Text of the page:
In , American Humanist Association , along with other groups representing agnostics, atheists, and other freethinkers, joined to create the Secular Coalition for America which advocates in Washington, D. Scholasticism focused on preparing men to be doctors, lawyers or professional theologians, and was taught from approved textbooks in logic, natural philosophy, medicine, law and theology.
Humanists reacted against this utilitarian approach and the narrow pedantry associated with it. They sought to create a citizenry frequently including women able to speak and write with eloquence and clarity and thus capable of engaging the civic life of their communities and persuading others to virtuous and prudent actions. This was to be accomplished through the study of the studia humanitatis , today known as the humanities : grammar, rhetoric, history, poetry and moral philosophy. Secular humanism is a comprehensive life stance or world view that embraces human reason , metaphysical naturalism , altruistic morality and distributive justice , and consciously rejects supernatural claims, theistic faith and religiosity , pseudoscience , and superstition.
According to the IHEU's bylaw 5. Humanism is a democratic and ethical life stance, which affirms that human beings have the right and responsibility to give meaning and shape to their own lives. It stands for the building of a more humane society through an ethic based on human and other natural values in the spirit of reason and free inquiry through human capabilities. It is not theistic , and it does not accept supernatural views of reality.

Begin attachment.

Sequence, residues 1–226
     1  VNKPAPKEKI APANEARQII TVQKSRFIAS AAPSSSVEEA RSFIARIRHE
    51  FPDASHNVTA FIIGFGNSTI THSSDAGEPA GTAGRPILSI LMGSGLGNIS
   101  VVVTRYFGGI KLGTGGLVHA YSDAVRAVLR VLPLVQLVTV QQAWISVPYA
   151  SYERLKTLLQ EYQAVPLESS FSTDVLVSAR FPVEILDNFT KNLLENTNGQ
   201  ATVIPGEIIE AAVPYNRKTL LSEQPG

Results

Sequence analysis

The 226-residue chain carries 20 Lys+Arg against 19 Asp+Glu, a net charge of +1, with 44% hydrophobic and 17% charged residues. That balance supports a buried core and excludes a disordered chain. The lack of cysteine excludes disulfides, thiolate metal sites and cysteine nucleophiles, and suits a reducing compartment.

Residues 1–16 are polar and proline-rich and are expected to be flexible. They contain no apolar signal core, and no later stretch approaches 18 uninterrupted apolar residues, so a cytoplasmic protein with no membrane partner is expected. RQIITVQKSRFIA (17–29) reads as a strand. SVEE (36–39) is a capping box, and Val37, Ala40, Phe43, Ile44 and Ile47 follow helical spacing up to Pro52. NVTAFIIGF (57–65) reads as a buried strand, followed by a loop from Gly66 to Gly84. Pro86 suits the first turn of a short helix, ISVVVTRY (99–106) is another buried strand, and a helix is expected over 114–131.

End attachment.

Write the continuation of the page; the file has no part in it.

Though practitioners of religious humanism did not officially organise under the name of "humanism" until the late 19th and early 20th centuries, non-theistic religions paired with human-centred ethical philosophy have a long history. A unified Ethical Culture movement was first founded in ; its founder, Felix Adler , was a former member of the Free Religious Association and conceived of Ethical Culture as a new religion that would retain the ethical message at the heart of all religions. Ethical Culture was religious in the sense of playing a defining role in people's lives and addressing issues of ultimate concern.
Nowadays religious humanists in the United States are represented by organisations such as the American Ethical Union and will simply describe themselves as "ethical humanists" or "humanists". Secular humanists and religious humanists organise together as part of larger national and international groupings, and differentiate themselves primarily in their attitude to the promotion of humanist thinking.